Automate issuance of IoT identity certificates

While it is increasingly feasible to authenticate and secure industrial IoT devices without having to use passwords or enter additional authentication codes, managing and maintaining the many digital certificates across an entire enterprise can become a challenging task. Using manual processes to manage certificates can be labor-intensive, technically demanding, and error prone. For an effective identity management, the issuance and lifecycle management of digital certificates must be automated. Automation empowers security teams to issue, revoke, and replace certificates quickly, reliably and at scale, while alleviating management burden.

Automated certificate issuance is critical for industrial IoT devices. Sound security policies require periodic key changes. This process becomes more difficult as the geographic size of the ICS increases, with extensive SCADA systems being the most severe example. Because site visits to change keys can be costly and slow, it is useful to be able to change keys remotely. The vast numbers of devices alone make manual certificate-renewal impractical. In addition, many IoT devices don’t support a user interface, or are located in remote locations, making automated management imperative.


Before deploying any encryption and authentication mechanism, industries should first determine the applicability of the solution due to the constrained nature of IIoT. The use of encryption within an ICS environment could introduce communications latency due to the additional time and computing resources required to encrypt, decrypt, and authenticate each message.

For ICS, any latency induced from the use of encryption, or any other security technique, must not degrade the operational performance of the end device or system. Before deploying encryption within an ICS environment, solutions should go through extensive performance testing. NIST SP 800-82 Revision 2 recommends that encryption at OSI Layer 2 should be considered, rather than at Layer 3 to reduce encryption latency.

For an ICS, encryption and authentication should be deployed as part of a comprehensive, enforced security policy. Organizations should select protection based on a risk assessment and the identified value of the information being protected and ICS operating constraints. Specifically, the cryptographic key should be long enough so that guessing it or determining it through analysis takes more effort, time, and cost than the value of the protected asset.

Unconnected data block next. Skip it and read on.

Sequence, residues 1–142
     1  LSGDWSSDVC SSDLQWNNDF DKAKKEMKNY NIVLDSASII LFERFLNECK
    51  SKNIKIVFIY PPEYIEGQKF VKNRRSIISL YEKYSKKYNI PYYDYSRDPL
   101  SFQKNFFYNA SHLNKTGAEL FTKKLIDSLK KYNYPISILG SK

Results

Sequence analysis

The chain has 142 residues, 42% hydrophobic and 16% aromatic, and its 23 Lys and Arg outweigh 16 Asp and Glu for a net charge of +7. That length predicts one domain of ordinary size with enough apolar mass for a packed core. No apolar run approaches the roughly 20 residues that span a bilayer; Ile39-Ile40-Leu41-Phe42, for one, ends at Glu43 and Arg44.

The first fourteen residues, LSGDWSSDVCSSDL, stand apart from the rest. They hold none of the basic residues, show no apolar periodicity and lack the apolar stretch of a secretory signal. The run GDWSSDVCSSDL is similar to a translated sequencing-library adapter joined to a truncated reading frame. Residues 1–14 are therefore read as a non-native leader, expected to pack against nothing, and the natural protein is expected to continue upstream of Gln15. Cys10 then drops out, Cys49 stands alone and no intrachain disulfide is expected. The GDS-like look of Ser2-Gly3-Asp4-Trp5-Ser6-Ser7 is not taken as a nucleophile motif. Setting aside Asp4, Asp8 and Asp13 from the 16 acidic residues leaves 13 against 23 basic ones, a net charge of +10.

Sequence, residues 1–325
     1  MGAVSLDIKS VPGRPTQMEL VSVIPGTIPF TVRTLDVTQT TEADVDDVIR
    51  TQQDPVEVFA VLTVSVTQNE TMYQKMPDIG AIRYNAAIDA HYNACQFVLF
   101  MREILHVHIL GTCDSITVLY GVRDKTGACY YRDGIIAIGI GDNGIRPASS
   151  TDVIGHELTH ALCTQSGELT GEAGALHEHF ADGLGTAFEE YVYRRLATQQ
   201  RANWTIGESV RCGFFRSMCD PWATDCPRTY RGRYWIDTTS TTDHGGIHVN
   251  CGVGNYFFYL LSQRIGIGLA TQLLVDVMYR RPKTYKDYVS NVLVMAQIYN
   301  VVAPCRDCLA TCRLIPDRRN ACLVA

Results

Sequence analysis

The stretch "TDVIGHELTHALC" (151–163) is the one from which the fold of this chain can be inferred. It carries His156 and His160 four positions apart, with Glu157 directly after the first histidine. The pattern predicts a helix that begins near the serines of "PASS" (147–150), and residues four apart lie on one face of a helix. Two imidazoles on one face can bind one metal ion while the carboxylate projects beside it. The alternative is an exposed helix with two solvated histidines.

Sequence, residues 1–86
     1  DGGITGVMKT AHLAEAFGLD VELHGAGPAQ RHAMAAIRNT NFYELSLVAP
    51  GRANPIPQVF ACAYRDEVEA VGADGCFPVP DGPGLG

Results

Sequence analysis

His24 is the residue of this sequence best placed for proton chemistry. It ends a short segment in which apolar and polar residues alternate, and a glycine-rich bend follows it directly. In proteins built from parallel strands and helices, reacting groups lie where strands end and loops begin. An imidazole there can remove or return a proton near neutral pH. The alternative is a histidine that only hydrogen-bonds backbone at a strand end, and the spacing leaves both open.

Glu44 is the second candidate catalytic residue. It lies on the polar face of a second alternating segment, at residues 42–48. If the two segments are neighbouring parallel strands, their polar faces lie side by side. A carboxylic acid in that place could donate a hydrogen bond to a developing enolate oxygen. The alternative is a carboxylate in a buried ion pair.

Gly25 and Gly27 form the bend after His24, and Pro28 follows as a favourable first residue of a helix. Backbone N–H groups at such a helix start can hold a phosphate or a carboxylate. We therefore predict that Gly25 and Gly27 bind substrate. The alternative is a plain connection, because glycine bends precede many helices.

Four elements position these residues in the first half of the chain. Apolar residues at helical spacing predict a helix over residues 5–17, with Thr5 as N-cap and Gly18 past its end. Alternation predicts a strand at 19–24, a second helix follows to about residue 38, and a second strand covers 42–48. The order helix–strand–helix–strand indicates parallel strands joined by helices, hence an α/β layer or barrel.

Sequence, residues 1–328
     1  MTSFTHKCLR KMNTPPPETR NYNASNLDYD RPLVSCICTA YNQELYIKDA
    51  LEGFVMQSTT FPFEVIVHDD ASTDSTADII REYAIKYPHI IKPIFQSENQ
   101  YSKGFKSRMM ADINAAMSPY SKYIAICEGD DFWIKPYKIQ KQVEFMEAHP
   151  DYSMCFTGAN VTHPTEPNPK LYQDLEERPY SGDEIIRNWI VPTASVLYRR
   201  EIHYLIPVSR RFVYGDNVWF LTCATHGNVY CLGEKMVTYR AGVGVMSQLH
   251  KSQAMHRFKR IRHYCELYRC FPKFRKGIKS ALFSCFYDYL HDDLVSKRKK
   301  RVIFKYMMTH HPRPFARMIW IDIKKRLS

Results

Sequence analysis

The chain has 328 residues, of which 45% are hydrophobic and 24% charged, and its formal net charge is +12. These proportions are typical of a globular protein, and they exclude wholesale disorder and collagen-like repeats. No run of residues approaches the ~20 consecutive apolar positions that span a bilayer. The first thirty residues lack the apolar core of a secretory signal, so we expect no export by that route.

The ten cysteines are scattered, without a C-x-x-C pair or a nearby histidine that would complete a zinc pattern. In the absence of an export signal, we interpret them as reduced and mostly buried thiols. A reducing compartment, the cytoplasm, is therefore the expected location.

The encryption hardware should be protected from physical tampering and uncontrolled electronic connections. Assuming cryptography is the appropriate solution, organizations should select cryptographic protection with remote key management if the units being protected are so numerous or geographically dispersed that changing keys is difficult or expensive.

How ADACOM can help

Certificates issued and managed using PKI enable devices and systems to perform strong mutual authentication and encryption. Manufacturers building IoT devices and enterprises managing remote workers must be proactive by ensuring the proper security capabilities. PKI-based authentication is a method for ensuring strong security for both devices and users.

ADACOM has more than 20 years of experience in providing different types of certificates delivering successfully both Managed PKI and on-Premise PKI complex projects all over Europe. In addition, ADACOM in cooperation with DIGICERT is issuing large volumes of device certificates securing different sectors of the ICS market  Industrial organizations may either contact ADACOM’s PKI experts to seek advice on how to secure their IoT connected devices or buy the required TLS/SSL or Device certificates from ADACOM’s e-shop.